• Sidebar: Hospitals’ Anti-Ransomware Steps

    Rich Daly Jul 28, 2016

    The top five malware focus areas for NorthShore University HealthSystem in Evanston, Ill., are:

    • Advanced authentication
    • Detection and prevention
    • Device management/asset tracking
    • Risk assessment
    • Training and education

    Specific steps include getting employees to use two-factor authentication or adaptive authentication to log on to computers.

    Tracking systems are needed to ensure computer equipment containing protected health information does not go missing. Regular use of audits and penetration testing also are key.

    Also vital to prevention is extensive training and education, including instilling awareness of phishing attempts and using fake phishing attempts to check employee responses.

    At Metro Health Hospital in Wyoming, Mich., outside computers connected to the network by employees or visitors are seen as one of the three top malware risks. Some of that risk is controlled through use of Wi-Fi network settings.

    Hospitals need to have open ports, or network jacks, in most rooms that could allow a local hacker to bypass their firewall. Metro Health protects its computers internally by requiring tough passwords and regularly updating patches on its operating system.

    To mitigate the risk from clinical equipment that runs old software, Metro Health obtains forms from the manufacturer that specify how secure each device can be made and uses those forms to implement updates. Alternatively, the system buys a support agreement from the vendor that provides anti-virus and Windows updates.

    Metro Health also ensures that adequate contracts and controls are in place to protect critical data that third parties may store on the cloud.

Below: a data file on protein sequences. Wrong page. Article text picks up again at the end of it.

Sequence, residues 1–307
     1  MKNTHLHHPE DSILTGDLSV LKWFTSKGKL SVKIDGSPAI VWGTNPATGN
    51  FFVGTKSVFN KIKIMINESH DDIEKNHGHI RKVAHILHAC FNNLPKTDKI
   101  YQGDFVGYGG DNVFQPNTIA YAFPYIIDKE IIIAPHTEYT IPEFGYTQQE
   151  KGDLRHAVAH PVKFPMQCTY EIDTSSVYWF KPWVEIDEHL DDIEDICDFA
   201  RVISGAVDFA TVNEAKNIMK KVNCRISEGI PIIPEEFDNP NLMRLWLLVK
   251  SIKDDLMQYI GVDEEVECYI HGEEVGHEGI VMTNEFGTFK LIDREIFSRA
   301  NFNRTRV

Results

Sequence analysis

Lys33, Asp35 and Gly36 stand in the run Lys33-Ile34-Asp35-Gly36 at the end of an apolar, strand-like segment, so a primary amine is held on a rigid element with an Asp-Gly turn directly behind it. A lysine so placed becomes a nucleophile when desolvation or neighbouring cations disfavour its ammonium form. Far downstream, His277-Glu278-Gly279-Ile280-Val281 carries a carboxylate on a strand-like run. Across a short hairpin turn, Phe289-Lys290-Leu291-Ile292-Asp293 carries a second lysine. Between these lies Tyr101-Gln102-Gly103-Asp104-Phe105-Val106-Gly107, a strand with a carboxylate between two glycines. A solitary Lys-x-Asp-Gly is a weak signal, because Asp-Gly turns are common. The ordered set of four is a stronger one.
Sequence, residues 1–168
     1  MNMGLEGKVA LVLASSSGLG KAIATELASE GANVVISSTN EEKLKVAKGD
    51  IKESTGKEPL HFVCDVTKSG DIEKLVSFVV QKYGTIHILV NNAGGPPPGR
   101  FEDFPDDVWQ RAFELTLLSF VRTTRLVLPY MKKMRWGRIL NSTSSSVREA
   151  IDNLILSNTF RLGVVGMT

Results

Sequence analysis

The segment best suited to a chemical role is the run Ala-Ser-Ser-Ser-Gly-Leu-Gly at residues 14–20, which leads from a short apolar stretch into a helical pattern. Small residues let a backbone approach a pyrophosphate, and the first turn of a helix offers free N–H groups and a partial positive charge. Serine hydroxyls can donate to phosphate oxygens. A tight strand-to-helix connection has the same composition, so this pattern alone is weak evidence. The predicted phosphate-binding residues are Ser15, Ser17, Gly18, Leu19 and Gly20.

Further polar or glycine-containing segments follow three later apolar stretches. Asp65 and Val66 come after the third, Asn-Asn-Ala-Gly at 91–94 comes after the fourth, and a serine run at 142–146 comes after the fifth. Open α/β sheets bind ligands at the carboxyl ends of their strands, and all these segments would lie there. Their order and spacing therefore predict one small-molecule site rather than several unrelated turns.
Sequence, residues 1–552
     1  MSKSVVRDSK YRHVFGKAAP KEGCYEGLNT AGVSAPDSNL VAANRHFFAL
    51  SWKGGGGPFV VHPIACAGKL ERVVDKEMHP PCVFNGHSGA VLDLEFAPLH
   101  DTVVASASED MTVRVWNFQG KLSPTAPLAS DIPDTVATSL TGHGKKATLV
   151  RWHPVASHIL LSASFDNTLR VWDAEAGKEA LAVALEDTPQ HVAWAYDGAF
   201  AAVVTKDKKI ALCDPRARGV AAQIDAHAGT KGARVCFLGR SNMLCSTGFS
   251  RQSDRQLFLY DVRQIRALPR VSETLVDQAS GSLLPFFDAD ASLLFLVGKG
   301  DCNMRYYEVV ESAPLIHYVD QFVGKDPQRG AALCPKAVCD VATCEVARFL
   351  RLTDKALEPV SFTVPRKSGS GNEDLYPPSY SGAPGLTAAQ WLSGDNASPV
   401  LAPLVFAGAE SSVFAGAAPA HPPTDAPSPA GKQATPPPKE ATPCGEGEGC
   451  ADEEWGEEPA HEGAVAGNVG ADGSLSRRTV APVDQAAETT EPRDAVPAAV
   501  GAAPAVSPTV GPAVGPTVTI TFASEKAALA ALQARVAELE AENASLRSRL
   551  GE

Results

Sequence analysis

Children’s Mercy Hospital sees regularly retraining employees on IT security steps as the most important anti-malware approach. This step ingrains security habits, such as clicking an encryption button for all outgoing sensitive employee information.

    Additionally, instead of relying on annual compliance reviews to check security, the hospital conducts reviews as often as quarterly.

    The multilayered security approach at Beth Israel Deaconess Medical Center includes filtering email through multiple steps, which blocks up to 99 percent of emails for various reasons.

    The hospital also has added staff to monitor the state of its network in real-time.

    Like at other hospitals, employee education and user awareness training are emphasized at Beth Israel Deaconess. The initiative, called Keep It Private, provides ongoing staff training related to the evolving threat, including the use of videos, annual training events, and more frequent educational modules.

    “We hope that all of those things add up to reducing our risk,” says Mike Yamamoto, chief information security officer.


    Rich Daly is a senior writer/editor for HFMA based in Washington, D.C.

    Interviewed for this article: Steven Smith, CIO, NorthShore University HealthSystem, Evanston, Ill.

    John Weller, chief information security officer, Metro Health Hospital, Wyoming, Mich.

    David Chou, CIO, Children’s Mercy Hospital, Kansas City, Mo.

    Mike Yamamoto, chief information security officer, Beth Israel Deaconess Medical Center, Boston.

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